• An image sensor is a fundamental component of any device that measures or captures a spatial, frequency and/or intensity distribution of light to which it is exposed. An example of a system using such an image sensor is a digital camera system (irrespective of whether the system captures still or moving images).
  • The charge-coupled device (CCD) remains the most popular technology for implementing an image sensor. A competing technology is the CMOS image sensor.
  • It is known to provide structures on an image sensor to prevent pixels from blooming. A pixel is said to bloom when the level of electrons in the well rises above the point of being full (a.k.a. saturation) and electrons overflow/spread into adjacent pixels, which skews their accumulation of electrons.
  • In the case of a CCD image sensor, blooming prevention typically takes the form of providing an anti-blooming channel next to each vertical CCD (VCCD). If any of the pixels serviced by the VCCD blooms, then the overflowing electrons will spill into the anti-blooming channel and be drained away. It is further known to trigger reading of the entire CCD image sensor upon sensing the presence of electrons in any of the anti-blooming channels. This is known as electronic shuttering.
  • CMOS image sensors are inherently less prone to blooming because voltage is converted to charge at each pixel, and because it is not necessary to use shift registers (a VCCD and its horizontal counterpart, namely an HCCD) to bucket-brigade charge to the point of charge-to-voltage conversion. In addition, it is known to use the reset transistor present at each pixel as pixel-specific anti-blooming circuit.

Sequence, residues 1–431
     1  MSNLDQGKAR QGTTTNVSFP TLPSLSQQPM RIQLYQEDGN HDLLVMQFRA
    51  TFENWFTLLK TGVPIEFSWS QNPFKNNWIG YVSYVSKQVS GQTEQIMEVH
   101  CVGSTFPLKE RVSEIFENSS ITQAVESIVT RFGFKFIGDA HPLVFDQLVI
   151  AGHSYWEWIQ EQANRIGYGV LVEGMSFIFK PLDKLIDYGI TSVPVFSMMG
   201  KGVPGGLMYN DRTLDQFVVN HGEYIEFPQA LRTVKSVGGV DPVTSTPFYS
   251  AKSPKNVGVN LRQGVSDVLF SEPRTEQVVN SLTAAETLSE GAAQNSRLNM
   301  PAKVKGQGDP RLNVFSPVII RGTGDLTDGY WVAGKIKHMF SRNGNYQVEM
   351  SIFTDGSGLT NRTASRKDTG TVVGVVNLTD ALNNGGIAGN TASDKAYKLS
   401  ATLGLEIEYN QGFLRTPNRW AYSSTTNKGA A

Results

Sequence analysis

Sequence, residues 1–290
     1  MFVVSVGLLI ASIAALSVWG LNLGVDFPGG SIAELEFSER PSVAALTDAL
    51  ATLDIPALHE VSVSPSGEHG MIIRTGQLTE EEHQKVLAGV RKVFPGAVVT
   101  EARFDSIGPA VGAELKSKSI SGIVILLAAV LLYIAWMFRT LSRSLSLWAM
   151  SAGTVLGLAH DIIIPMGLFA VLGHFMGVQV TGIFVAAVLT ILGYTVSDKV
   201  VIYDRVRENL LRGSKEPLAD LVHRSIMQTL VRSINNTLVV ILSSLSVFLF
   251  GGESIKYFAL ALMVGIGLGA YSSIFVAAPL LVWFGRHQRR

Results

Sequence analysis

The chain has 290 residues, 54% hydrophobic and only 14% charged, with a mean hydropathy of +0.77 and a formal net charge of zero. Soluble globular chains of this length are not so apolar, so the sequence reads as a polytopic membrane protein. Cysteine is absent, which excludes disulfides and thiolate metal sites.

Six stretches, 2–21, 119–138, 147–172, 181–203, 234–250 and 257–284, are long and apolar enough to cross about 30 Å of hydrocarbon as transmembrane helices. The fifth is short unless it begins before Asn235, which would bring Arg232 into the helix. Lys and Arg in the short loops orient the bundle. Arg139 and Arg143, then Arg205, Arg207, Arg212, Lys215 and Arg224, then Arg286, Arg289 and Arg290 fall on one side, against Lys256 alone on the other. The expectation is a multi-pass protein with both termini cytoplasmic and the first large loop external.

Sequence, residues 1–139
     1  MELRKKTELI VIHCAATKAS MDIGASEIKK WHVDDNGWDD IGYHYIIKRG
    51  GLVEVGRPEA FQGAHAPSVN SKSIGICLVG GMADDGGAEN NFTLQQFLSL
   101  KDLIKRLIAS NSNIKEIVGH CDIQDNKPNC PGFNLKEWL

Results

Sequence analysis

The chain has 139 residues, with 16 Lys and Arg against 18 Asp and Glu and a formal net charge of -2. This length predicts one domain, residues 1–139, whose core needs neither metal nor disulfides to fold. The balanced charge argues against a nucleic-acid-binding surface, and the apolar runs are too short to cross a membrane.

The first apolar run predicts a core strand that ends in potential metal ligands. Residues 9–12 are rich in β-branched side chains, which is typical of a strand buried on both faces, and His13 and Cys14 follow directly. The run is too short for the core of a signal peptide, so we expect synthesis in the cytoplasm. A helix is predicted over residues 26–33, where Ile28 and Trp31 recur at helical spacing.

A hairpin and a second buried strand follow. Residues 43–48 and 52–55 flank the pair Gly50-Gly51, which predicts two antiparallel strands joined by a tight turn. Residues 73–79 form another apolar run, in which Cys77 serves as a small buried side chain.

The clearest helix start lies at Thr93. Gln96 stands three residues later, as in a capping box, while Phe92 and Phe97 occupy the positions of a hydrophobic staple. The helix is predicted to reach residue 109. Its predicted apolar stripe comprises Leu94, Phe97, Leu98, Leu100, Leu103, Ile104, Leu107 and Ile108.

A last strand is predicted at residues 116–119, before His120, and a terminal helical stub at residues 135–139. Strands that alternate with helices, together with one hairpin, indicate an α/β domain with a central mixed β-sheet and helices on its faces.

• Another difference between a CMOS and a CCD image sensor is that pixels on a CMOS sensor are individually addressable such that one or a few of the pixels can be read without having to read all of the pixels. This permits a CMOS image sensor to support windowing or window of interest (WOI) reading. Windowing is to be understood as reading a predetermined window (representing fewer than all of the pixels) from the image sensor without having to read all of the pixels. A user selects the window either by calculation or by reviewing a test image and then making the window selection. In contrast, CCD image sensors according to the Background Art have no provision for individually addressing one or more, but fewer than all, pixels, and so do not support windowing.
  • SUMMARY OF THE INVENTION
  • One of the embodiments of the invention is directed to a method of selectively reading less than all information from an image sensor for which member-pixels of a subset of the entire set of pixels are individually addressable. Such a method may include: sampling information from a targeted member-pixel of the subset without having to read information from the entire set of pixels; and selectively reading information from another one or more but fewer than all member pixels of the entire set based upon the sampling information without having to read all pixels on the image sensor.